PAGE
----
The Sundaytimes Sri Lanka

State banks reduce gold pawning business


State banks are following a new directive to cut down gold pawning activities owing to gold price volatility in the world market, making it unattractive to those seeking to pawn their gold assets using a combination of high interest rates and lower loans.
The Central Bank (CB) has issued a directive to all commercial banks to curtail the expansion of their pawning loan port folio, a senior Finance Ministry official said. While state banks are following these guidelines, most commercial banks are sticking to earlier schemes.
The price of gold is fluctuating daily and it has come down to Rs.51,000 from Rs. 55,000 per one sovereign or 8 grams recently and is seen declining further, industry sources said.

With the Sri Lankan rupee depreciating, gold is likely to fall in the range of Rs 45,000 to Rs 42,000 per sovereign, they said,
“If the value of gold falls sharply, the debtor is more likely to default on his loan, leaving an asset which is far lower than the value of the loan granted. Therefore the Treasury has advised the CB to direct commercial banks to curtail their gold pawning loans,” the Finance Ministry official revealed.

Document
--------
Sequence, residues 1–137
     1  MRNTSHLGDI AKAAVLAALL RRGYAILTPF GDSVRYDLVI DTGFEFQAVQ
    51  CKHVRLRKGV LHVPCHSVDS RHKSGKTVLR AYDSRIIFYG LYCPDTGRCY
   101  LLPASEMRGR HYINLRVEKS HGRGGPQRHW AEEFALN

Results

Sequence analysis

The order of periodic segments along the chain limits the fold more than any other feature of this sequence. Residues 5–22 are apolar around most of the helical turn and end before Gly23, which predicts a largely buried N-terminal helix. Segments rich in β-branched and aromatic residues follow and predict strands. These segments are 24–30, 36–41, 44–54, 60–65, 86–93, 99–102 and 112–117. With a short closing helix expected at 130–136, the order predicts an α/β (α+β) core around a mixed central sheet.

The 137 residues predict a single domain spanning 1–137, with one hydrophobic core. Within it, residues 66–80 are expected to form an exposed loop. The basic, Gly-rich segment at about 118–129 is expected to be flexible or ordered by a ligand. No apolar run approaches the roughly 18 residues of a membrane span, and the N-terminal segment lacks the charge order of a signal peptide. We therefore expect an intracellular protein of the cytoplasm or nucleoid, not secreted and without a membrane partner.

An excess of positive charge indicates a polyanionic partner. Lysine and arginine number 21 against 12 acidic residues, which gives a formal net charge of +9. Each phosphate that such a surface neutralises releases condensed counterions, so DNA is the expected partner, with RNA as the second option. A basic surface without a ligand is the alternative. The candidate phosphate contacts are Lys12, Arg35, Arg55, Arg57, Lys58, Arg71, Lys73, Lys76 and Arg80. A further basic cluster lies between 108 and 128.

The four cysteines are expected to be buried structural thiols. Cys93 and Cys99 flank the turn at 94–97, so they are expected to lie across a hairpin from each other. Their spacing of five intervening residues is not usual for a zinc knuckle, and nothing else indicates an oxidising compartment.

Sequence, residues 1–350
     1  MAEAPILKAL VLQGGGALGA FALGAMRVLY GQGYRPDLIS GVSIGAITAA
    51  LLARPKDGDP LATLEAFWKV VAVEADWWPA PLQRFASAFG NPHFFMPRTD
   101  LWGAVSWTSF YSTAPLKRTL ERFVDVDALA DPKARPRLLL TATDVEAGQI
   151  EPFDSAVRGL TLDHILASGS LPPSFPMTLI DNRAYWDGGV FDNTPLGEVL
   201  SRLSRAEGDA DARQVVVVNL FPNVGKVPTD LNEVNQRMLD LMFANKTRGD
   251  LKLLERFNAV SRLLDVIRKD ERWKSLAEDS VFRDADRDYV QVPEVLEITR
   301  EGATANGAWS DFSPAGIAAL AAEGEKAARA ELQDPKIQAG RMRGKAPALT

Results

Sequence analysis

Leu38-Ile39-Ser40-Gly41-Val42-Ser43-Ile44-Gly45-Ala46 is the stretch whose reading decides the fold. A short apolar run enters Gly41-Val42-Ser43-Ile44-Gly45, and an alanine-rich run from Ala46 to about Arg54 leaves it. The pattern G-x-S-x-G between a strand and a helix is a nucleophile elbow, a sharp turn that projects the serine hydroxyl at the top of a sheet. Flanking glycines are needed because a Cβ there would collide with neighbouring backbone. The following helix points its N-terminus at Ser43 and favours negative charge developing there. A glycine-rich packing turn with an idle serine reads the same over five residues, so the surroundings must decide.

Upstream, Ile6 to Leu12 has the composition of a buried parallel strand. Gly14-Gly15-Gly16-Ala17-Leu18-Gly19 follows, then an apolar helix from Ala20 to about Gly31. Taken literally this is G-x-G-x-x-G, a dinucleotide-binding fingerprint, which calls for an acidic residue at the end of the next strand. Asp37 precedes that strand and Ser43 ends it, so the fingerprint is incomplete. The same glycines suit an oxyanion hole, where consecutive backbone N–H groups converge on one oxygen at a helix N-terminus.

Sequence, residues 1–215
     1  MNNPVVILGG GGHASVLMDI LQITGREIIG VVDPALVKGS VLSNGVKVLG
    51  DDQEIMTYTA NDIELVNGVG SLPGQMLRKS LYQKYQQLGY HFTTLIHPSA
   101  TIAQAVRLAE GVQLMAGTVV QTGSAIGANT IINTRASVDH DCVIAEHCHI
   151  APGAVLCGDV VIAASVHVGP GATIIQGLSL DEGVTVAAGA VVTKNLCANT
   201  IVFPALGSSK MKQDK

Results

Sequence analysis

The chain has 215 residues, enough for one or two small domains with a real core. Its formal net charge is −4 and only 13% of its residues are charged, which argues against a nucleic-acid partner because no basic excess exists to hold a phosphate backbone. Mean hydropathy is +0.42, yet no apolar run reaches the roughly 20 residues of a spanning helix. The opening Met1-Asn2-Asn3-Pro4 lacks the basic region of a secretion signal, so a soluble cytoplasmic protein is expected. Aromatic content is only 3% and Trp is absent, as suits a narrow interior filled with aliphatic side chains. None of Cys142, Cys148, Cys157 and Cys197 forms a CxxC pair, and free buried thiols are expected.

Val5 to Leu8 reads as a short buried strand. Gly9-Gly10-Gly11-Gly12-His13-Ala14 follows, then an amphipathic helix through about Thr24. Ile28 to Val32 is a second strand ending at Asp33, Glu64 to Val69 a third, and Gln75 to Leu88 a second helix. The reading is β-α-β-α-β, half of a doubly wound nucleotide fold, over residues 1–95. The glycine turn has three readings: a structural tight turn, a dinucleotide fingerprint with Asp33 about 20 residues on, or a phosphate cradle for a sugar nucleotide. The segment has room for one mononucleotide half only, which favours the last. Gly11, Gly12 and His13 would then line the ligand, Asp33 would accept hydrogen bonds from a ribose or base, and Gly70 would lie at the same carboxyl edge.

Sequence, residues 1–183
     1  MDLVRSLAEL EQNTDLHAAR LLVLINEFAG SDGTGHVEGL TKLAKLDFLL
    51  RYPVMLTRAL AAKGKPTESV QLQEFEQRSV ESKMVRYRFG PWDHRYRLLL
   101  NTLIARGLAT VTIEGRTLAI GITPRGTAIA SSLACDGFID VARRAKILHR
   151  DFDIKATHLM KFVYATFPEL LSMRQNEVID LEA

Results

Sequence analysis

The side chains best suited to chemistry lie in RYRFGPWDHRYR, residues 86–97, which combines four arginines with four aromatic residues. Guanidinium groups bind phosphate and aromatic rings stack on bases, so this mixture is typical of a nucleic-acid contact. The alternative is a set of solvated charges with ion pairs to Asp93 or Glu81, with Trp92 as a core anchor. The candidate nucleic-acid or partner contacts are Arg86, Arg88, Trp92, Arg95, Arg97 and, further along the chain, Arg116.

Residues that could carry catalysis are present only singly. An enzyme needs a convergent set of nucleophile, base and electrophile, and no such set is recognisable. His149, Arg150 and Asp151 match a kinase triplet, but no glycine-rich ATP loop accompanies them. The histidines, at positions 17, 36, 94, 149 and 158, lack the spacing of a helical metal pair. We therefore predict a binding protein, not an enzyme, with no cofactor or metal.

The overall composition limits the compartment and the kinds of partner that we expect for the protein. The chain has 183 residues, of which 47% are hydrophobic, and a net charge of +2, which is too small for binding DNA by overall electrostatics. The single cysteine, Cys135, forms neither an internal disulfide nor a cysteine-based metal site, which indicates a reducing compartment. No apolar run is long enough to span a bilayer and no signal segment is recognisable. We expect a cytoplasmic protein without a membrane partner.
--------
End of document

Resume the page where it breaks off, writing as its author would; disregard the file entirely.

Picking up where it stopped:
The Bank of Ceylon (BOC) has increased the interest rate on gold jewelry pawning to 17.5 per cent at present from 14 per cent a couple of months back, while reducing the payment to Rs. 45,000 from Rs. 50,000 per one sovereign, a BOC official told the Business Times.
The People’s Bank’s interest rate has appreciated to 19 per cent from 14 per cent and it has reduced the payment to Rs.39, 000 from Rs. 44,000.

“The danger in giving high loans is that in the event of a default, it may cause a risk with regard to the bank’s stability,” the official said.
Sri Lankans spent a record US$600 million on gold in 2011, up more than seven-fold from US$82 million in 2010 as demand and prices for bullion sky rocketed.

The official said ‘gold pawning’ was increasing daily to due to financial difficulties faced by the people specially Sri Lankan women forced to pawn their jewellery to meet the household expenses.

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